There are 38000+ shapes and there are 100+ possible shades of color (you can roughly tell how old someone is by asking them what lego colors they remember from their youth).

In the following months, Mattheij built a proof-of-concept sorting system using, of course, LEGO. He broke the problem down into a series of sub-problems (including "feeding LEGO reliably from a hopper is surprisingly hard," one of those facts of nature that will stymie even the best system design). After tinkering with the prototype at length, he expanded the system to a surprisingly complex system of conveyer belts (powered by a home treadmill), various pieces of cabinetry, and "copious quantities of crazy glue."

Here's a video showing the current system running at low speed:

The key part of the system was running the bricks past a camera paired with a computer running a neural net-based image classifier. That allows the computer (when sufficiently trained on brick images) to recognize bricks and thus categorize them by color, shape, or other parameters. Remember that as bricks pass by, they can be in any orientation, can be dirty, can even be stuck to other pieces. So having a flexible software system is key to recognizing—in a fraction of a second—what a given brick is, in order to sort it out. When a match is found, a jet of compressed air pops the piece off the conveyer belt and into a waiting bin.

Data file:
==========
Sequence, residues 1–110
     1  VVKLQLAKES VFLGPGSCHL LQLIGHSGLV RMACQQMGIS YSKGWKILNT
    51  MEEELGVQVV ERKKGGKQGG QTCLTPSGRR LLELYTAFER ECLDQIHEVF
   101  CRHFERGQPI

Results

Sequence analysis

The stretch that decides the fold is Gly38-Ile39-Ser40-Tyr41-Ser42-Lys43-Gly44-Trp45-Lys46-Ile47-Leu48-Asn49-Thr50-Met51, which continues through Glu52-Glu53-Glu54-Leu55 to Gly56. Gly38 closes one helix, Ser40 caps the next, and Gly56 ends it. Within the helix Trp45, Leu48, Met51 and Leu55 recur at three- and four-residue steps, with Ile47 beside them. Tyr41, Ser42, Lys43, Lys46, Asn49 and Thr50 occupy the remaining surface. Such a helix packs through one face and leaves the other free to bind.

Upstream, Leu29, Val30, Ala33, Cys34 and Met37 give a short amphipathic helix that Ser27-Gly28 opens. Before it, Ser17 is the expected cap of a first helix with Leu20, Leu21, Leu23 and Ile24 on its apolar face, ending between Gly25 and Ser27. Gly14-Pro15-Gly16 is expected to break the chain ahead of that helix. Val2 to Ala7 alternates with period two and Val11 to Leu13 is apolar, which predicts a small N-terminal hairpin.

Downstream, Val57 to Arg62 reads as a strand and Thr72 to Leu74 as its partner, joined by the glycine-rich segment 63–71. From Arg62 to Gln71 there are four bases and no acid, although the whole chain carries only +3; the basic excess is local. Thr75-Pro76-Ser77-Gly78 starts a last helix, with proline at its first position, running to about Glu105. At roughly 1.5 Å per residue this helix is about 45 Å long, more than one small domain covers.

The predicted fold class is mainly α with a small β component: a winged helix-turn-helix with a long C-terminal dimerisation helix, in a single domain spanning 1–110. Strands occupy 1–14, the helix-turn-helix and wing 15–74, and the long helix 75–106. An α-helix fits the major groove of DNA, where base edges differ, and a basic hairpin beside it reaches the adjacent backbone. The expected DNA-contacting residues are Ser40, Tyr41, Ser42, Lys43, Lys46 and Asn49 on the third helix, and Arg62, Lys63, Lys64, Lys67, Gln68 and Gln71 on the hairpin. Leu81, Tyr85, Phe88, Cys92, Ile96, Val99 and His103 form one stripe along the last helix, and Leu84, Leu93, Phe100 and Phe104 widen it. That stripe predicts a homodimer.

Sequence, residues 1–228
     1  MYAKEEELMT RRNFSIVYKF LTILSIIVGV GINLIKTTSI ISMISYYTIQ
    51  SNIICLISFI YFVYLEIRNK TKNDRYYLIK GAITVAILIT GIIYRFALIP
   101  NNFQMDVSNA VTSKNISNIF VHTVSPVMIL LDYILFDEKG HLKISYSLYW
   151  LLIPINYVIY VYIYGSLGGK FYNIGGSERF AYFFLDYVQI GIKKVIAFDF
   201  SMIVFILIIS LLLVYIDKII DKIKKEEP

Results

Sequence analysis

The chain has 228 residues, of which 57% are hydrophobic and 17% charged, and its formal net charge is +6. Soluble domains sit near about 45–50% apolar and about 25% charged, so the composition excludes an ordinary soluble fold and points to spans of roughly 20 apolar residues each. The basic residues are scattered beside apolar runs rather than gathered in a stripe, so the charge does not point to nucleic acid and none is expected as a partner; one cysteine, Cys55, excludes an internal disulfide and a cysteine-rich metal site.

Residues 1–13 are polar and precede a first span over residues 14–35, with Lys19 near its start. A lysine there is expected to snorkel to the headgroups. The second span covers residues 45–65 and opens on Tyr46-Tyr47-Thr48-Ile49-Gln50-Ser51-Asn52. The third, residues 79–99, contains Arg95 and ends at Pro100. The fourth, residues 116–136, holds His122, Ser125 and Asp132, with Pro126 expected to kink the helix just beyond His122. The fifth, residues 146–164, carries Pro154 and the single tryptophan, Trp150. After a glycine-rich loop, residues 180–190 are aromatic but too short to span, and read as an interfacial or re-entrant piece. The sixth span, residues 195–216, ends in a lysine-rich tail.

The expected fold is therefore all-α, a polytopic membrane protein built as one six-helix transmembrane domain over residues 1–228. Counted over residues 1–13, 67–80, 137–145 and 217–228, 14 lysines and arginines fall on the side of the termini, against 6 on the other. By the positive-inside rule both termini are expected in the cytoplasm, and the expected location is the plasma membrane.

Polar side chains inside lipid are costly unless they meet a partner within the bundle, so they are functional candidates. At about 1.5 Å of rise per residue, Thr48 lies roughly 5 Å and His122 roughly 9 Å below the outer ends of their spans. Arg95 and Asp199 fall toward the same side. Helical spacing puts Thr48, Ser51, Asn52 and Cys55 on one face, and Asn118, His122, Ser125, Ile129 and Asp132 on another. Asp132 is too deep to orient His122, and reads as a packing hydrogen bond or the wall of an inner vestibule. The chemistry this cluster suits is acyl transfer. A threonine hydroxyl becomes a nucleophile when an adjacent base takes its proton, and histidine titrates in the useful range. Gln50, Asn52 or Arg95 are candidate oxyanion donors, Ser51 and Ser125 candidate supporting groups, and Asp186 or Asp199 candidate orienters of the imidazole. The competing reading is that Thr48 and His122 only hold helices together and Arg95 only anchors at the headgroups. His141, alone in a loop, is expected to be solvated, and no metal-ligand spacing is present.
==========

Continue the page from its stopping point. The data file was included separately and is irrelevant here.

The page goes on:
After much experimentation, Mattheij rewrote the software (several times in fact) to accomplish a variety of basic tasks. At its core, the system takes images from a webcam and feeds them to a neural network to do the classification. Of course, the neural net needs to be "trained" by showing it lots of images, and telling it what those images represent. Mattheij's breakthrough was allowing the machine to effectively train itself, with guidance: Running pieces through allows the system to take its own photos, make a guess, and build on that guess. As long as Mattheij corrects the incorrect guesses, he ends up with a decent (and self-reinforcing) corpus of training data. As the machine continues running, it can rack up more training, allowing it to recognize a broad variety of pieces on the fly.

Here's another video, focusing on how the pieces move on conveyer belts (running at slow speed so puny humans can follow). You can also see the air jets in action:

In an email interview, Mattheij told Mental Floss that the system currently sorts LEGO bricks into more than 50 categories. It can also be run in a color-sorting mode to bin the parts across 12 color groups. (Thus at present you'd likely do a two-pass sort on the bricks: once for shape, then a separate pass for color.) He continues to refine the system, with a focus on making its recognition abilities faster. At some point down the line, he plans to make the software portion open source. You're on your own as far as building conveyer belts, bins, and so forth.

Check out Mattheij's writeup in two parts for more information. It starts with an overview of the story, followed up with a deep dive on the software. He's also tweeting about the project (among other things). And if you look around a bit, you'll find bulk LEGO brick auctions online—it's definitely a thing!

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Name the Author Based on the Character
May 23, 2017